Bush in new Saudi talks after first moves on arms deal


The administration has notified Congress of its intention to sell 900 satellite-guided Joint Direct Attack Munitions to Saudi Arabia for 120 million dollars, State Department spokesman Sean McCormack said late Monday.

The weapons are the first part of a planned 20-billion-dollar deal with the Gulf which the administration announced last July.

The notification kicks off a 30-day period during which Congress can raise objections.

A US official did not deny that the notification had been deliberately timed to coincide with Bush’s visit.

The arms deal, which includes weaponry and high-tech munitions, has alarmed Israel and some US Congressmen, especially as Saudi Arabia refuses to recognise the Jewish state.

The administration, which has also announced a 30-billion-dollar military aid pact with Israel, argues the deal with the Saudis is needed to counter Iran.

The US president has made clear that what he calls the threat to the world posed by the "the world’s leading state sponsor of terror" is top of the agenda of his Middle East tour.

"The United States is strengthening our longstanding security commitments with our friends in the Gulf — and rallying friends around the world to confront this danger before it is too late," he said in a keynote speech in the neighbouring United Arab Emirates.

But diplomats said Bush faced "difficult talks" in Saudi Arabia which is determined to further conflict in the region after the US-led invasion of Iraq of 2003.

In the face of the war of words between Tehran and Washington, Riyadh has called for restraint, with Foreign Minister Prince Saud al-Faisal saying: "We are keen that harmony and peace should prevail among states of the region."

Bush arrived in Riyadh on Monday to a critical reception from the Saudi press for the outspoken attack on the Iranian regime he delivered in Abu Dhabi the previous day.

Bush’s speech in Abu Dhabi was "a display of the fairly muddled thinking behind the current foreign policy of the United States", said the Saudi Gazette, which like other Saudi newspapers generally reflects official thinking.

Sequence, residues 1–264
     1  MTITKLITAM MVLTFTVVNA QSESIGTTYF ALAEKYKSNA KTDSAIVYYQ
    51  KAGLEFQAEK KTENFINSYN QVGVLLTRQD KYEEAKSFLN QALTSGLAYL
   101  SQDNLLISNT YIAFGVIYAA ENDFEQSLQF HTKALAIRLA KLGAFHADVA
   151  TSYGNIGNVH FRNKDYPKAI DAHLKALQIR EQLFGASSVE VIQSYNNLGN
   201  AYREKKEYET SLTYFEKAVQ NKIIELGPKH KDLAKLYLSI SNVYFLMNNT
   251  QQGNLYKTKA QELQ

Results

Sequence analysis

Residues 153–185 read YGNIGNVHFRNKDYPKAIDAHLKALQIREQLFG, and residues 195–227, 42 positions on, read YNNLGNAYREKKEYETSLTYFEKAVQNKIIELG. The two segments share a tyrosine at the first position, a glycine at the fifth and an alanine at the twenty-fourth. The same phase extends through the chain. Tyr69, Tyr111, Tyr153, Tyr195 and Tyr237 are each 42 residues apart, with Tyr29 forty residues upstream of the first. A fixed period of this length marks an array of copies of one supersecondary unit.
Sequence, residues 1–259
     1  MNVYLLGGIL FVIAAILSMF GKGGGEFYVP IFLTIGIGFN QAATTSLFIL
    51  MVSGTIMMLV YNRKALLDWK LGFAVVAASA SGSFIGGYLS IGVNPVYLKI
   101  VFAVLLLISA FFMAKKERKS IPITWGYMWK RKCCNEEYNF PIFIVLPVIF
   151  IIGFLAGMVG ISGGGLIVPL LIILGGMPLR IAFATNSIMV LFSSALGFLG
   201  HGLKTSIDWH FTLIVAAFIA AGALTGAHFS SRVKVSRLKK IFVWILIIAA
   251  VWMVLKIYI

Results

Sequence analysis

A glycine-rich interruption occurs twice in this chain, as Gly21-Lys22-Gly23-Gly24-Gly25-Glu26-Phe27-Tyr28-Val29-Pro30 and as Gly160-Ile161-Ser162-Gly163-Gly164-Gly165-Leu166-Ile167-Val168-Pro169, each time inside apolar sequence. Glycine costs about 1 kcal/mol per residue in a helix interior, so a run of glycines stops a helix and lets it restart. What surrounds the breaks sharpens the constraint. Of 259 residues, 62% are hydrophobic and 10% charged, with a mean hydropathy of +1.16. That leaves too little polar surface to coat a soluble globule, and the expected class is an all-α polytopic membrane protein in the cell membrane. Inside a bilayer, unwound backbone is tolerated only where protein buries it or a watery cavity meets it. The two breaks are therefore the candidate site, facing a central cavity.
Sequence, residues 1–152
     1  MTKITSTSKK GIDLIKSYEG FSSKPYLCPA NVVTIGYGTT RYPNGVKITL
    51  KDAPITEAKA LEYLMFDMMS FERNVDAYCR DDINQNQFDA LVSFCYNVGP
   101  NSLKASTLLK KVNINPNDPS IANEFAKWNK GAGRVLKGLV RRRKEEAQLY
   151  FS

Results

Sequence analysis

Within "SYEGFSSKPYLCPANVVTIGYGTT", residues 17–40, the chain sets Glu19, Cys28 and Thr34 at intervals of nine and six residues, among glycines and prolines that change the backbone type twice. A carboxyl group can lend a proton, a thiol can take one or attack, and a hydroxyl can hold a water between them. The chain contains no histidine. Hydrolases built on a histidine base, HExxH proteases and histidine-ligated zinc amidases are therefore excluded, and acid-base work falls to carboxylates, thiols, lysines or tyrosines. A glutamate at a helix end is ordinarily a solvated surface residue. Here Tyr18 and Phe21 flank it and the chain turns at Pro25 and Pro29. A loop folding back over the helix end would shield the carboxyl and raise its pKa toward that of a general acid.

The Al-Watan newspaper said Bush needed to listen more to the Gulf Arab neighbours of Iran.

No details emerged after the US president’s first round of talks with Abdullah over dinner at the Riyadh palace which also serves as his residence.

Tuesday’s talks take place at the king’s ranch in Janadriyah, 40 kilometres (25 miles) northeast of the capital.

A source in the Saudi ruling family who requested anonymity told AFP that king wanted to host Bush there because the US leader received him twice — in 2002 and 2005 — at his Prairie Chapel ranch in Crawford, Texas, when he was crown prince and de facto ruler.

A senior US official said Bush will court Riyadh’s diplomatic influence and financial muscle which "could make an enormous difference in places like the Palestinian territories, Lebanon, Iraq, Afghanistan and other locations."

The continuing high oil price was also likely to be on the agenda of Bush’s talks with the king, having already featured in his talks with other Gulf oil producers.

"There has been discussions of oil and energy along with other issues that have come up in these talks," Bush counsellor Ed Gillespie told reporters.

"They talked about the nature of the market and the vast demand that’s on the world market today for oil."

Bush and Abdullah are also expected to discuss efforts to combat terrorism, with the US administration believing its ally — the homeland of Al-Qaeda chief Osama bin Laden — still has "more to do".


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